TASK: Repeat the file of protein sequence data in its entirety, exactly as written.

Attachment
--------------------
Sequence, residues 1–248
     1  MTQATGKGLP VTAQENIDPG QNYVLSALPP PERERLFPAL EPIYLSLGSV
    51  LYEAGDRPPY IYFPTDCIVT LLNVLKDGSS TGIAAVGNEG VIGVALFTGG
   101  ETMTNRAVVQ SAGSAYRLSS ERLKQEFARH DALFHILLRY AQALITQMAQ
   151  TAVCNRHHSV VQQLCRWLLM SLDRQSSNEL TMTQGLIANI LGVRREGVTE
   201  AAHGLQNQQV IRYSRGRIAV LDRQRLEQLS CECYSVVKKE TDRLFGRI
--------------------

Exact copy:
Sequence, residues 1–248
     1  MTQATGKGLP VTAQENIDPG QNYVLSALPP PERERLFPAL EPIYLSLGSV
    51  LYEAGDRPPY IYFPTDCIVT LLNVLKDGSS TGIAAVGNEG VIGVALFTGG
   101  ETMTNRAVVQ SAGSAYRLSS ERLKQEFARH DALFHILLRY AQALITQMAQ
   151  TAVCNRHHSV VQQLCRWLLM SLDRQSSNEL TMTQGLIANI LGVRREGVTE
   201  AAHGLQNQQV IRYSRGRIAV LDRQRLEQLS CECYSVVKKE TDRLFGRI